Researchers do not know precisely what causes high blood pressure in most cases, though genes, aging, obesity, and lack of exercise can all play a role.
When you see a doctor, chances are an aide will take your blood pressure, putting a cuff around your arm. Make sure the cuff fits well so the reading is accurate. Nearly half of American adults have high blood pressure, and it’s important to track these numbers because if they go too high you have a greater chance of heart disease and stroke. That’s your cue to increase your exercise, lose weight, and perhaps cut salt from your diet.
High blood pressure typically has no symptoms, which is why regular readings are required.
What’s a desirable blood pressure?
A normal adult reading is a systolic (top) number less than 120, and a diastolic (bottom) number less than 80. The top number indicates the pressure in your arteries when your heart beats and pumps out blood. The bottom number measures the pressure in your arteries between heart beats. If your numbers are borderline or appear high on a routine visit, you’ll need to check your blood pressure several times. You might also have other tests. You’re in a crisis if the top number goes above 180 or the bottom above 120.
Unless you have symptoms, the lower your blood pressure reading is, the better. But chronically low blood pressure can cause dizziness, nausea, fainting, and thirst. You blood pressure can fall too low because of internal bleeding, medications, heart and endocrine problems, diabetes, septic shock, a severe allergic reaction, or anemia. One lower-than-normal reading shouldn’t alarm you, but talk to a doctor if you have other symptoms.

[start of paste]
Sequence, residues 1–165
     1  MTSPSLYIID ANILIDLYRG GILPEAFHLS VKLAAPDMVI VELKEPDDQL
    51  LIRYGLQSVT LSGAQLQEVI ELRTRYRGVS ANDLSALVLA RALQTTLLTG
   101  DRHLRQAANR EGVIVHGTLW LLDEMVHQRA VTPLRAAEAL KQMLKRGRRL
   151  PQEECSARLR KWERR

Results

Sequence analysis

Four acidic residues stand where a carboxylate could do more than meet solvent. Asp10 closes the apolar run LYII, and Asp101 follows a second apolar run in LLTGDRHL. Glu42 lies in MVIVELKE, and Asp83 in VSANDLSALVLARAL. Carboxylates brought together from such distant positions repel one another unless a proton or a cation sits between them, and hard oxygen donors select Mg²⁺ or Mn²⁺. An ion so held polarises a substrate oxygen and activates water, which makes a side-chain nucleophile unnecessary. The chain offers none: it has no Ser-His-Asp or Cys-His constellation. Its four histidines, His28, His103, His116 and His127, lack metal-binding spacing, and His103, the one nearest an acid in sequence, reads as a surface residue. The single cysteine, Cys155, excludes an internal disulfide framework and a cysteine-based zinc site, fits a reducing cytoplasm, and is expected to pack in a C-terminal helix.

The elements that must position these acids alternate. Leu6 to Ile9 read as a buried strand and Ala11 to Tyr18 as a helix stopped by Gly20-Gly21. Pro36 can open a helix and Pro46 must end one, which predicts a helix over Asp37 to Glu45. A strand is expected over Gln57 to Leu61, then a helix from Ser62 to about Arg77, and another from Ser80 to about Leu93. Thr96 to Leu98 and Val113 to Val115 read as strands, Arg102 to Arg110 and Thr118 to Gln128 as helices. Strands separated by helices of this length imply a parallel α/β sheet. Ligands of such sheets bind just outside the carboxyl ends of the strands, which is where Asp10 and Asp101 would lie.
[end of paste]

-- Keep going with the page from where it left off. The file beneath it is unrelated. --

What causes high blood pressure?
Sometimes high blood pressure is tied to another medical problem or a medication. But doctors do not know what causes high blood pressure in most cases. Primary — also called essential — hypertension slowly builds up over time, with a number of factors at work.
High blood pressure runs in families, with genes increasing your risk by 30 to 70 percent.
Your risk goes up with age. For example, older kidneys may not do as good a job of balancing salts and fluids.
You can develop secondary hypertension as a result of kidney disease, sleep apnea, heart defects, thyroid problems, endocrine tumors, adrenal gland problems, or alcohol abuse.
Eating too much salt can raise your blood pressure. The kidneys use both sodium and potassium to remove excess fluid from your blood, producing urine. Your blood vessels retain fluid if your blood is too salty.
Being overweight or obese also ups your risk. Even losing just 3 to 5 percent of your weight can improve blood pressure readings.
Stress can contribute to high blood pressure as well, especially because people sometimes react by drinking too much alcohol, smoking, or overeating. You may be able to lower your blood pressure with meditation, exercise, and finding solutions to ongoing problems.
Quitting cigarettes is also a good move for your heart health.
March 13, 2019
Janet O’Dell, RN